Carbohydrates Muscle Gain

Carbohydrate and essential amino acids effective for cortisol suppression

Sexy young girl stretching

Cortisol (or hydrocortisone) is a steroid hormone mostly known for its negative effects it can have on the body. That’s why many (especially bodybuilders) are seeking ways to suppress its secretion. Carbohydrates perform many roles in living organisms. They are a common source of energy; however, carbohydrates are not essential for humans because body can obtain all its energy from protein and fats.[1]

Many previous studies have shown that cortisol has counterregulatory effects.[2] That is why it is greatly feared in bodybuilding circles. However, according to bodybuilding.com: “bodies adapted to the weight training stimulus over time and release less and less cortisol, even without any nutritional intervention.”[3] But still, heavy resistance training often produces hypersecretion of cortisol [4]. Attenuation of catabolic mediators, such as exercise-induced cortisol could be essential for greater skeletal muscle hypertrophy response to resistance exercise.

Cortisol management with carbohydrates and essential amino acids

In 2003, Paddon-Jones and others [5] demonstrated that oral supplementation with 15 grams of essential amino acid stimulates protein synthesis and maintains protein balance in the presence of acute hypercortisolemia (high amounts of circulating cortisol). Further investigation, also by Paddon-Jones et al. [6] showed that this effect can be further potentiated by the addition of carbohydrates. Combination of carbohydrates and essential amino acids enhanced net muscle protein despite acute hypercortisolemia. Therefore, the combination of carbohydrates and essential amino acids stimulates positive protein balance by increasing extracellular amino acid availability and insulin secretion as well as suppressing exercise-induced cortisol release. Stephen P. Bird and associates [7] examined the effects of four 675 ml liquid solutions (6% carbohydrate solution, 6 g EAA, carbohydrates + EAA and placebo) on acute hormonal response. Data collected by this study indicate that carbohydrates + essential amino acids enhances muscle anabolism following resistance training to a greater extent than carbohydrates and EAA ingested separately. Post exercise cortisol increased for placebo group, it remained unchanged for essential amino acids while carbohydrates alone and in combination with essential amino acids showed decreases (P<0.05).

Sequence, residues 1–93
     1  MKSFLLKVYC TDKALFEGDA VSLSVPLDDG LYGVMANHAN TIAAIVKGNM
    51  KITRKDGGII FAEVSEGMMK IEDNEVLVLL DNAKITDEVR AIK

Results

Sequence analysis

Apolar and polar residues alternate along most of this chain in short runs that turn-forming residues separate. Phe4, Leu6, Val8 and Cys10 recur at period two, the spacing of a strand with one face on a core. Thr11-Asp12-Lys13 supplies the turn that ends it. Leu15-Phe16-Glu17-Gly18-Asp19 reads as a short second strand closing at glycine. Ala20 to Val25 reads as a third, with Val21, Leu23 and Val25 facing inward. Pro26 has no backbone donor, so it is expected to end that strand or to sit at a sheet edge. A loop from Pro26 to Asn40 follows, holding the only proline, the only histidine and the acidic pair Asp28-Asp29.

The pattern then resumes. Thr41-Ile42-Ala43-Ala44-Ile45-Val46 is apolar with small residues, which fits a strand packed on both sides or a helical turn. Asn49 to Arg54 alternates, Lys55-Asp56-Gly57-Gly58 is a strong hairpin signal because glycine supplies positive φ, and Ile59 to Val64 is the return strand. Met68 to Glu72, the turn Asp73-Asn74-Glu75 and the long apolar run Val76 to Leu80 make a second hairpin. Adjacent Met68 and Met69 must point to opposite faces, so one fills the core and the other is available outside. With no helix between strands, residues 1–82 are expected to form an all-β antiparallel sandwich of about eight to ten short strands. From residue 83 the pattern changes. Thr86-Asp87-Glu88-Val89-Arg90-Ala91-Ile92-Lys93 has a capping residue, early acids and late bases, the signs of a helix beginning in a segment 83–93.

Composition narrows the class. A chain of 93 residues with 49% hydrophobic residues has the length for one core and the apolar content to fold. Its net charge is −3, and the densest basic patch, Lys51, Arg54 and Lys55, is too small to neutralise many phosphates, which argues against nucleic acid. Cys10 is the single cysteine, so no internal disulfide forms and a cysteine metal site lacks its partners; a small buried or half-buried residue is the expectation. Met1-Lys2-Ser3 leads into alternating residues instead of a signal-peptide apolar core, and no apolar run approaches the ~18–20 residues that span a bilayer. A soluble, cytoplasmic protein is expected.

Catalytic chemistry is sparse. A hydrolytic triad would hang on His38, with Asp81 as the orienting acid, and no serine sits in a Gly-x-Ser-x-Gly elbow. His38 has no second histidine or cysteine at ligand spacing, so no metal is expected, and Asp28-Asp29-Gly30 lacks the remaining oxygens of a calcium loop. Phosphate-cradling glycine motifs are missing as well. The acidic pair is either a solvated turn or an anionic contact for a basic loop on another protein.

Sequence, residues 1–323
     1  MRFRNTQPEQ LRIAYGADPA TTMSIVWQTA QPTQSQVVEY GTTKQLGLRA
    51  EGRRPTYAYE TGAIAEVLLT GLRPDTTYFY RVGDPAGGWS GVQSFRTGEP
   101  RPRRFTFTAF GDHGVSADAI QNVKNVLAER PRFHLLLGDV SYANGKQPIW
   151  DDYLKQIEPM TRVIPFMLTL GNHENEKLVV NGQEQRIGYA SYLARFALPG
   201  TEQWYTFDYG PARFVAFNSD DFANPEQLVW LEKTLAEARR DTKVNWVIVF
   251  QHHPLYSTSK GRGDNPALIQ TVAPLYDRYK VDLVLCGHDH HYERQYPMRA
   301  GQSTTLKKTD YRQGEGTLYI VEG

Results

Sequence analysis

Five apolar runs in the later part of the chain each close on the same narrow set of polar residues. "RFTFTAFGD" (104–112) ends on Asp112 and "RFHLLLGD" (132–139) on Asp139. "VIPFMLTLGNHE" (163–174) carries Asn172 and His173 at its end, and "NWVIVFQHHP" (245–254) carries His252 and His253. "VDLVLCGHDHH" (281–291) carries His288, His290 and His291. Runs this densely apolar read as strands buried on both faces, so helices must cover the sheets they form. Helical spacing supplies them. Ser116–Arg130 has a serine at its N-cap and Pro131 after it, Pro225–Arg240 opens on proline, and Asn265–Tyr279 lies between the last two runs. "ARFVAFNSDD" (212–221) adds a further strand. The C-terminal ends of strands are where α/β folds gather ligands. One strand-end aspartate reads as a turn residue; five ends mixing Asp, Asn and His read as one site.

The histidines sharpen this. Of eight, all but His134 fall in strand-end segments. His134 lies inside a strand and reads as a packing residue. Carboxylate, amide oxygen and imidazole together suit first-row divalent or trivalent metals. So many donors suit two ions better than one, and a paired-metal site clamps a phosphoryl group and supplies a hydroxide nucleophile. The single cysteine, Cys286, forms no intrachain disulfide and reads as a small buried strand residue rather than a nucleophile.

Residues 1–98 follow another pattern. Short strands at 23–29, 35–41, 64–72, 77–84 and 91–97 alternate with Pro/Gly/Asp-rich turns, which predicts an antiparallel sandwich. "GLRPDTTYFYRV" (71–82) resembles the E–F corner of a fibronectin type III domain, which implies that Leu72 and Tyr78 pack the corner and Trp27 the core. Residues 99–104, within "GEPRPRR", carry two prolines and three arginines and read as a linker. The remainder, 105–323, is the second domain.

When looking at the big picture of your training and nutrition, the effect of this catabolic hormone should not be overlooked. Cortisol is an indicator of good workout, however, you should still do your best to control it.

References

  1. Westman, Eric C. “Is dietary carbohydrate essential for human nutrition?.” The American journal of clinical nutrition 75.5 (2002): 951-953.
  2. Long, C. N. H., O. K. Smith, and E. G. Fry. “Actions of cortisol and related compounds on carbohydrate and protein metabolism.” Metabolic Effects of Adrenal Hormones. Ciba Foundation Study, Group 6 (1960).
  3. Mike Roussell. “Cortisol And Muscle-Building: Does It Even Matter?” – http://www.bodybuilding.com/ Retrieved 23. March 2013
  4. Reeder, DeeAnn M., and Kristin M. Kramer. “Stress in free-ranging mammals: integrating physiology, ecology, and natural history.” Journal of Mammalogy 86.2 (2005): 225-235.
  5. Paddon-Jones, Douglas, et al. “Hypercortisolemia alters muscle protein anabolism following ingestion of essential amino acids.” American Journal of Physiology-Endocrinology And Metabolism 284.5 (2003): E946-E953.
  6. Paddon-Jones, Douglas, et al. “The catabolic effects of prolonged inactivity and acute hypercortisolemia are offset by dietary supplementation.” Journal of Clinical Endocrinology & Metabolism 90.3 (2005): 1453-1459.
  7. Bird, Stephen P., Kyle M. Tarpenning, and Frank E. Marino. “Independent and combined effects of liquid carbohydrate/essential amino acid ingestion on hormonal and muscular adaptations following resistance training in untrained men.” European journal of applied physiology 97.2 (2006): 225-238.

Leave a Comment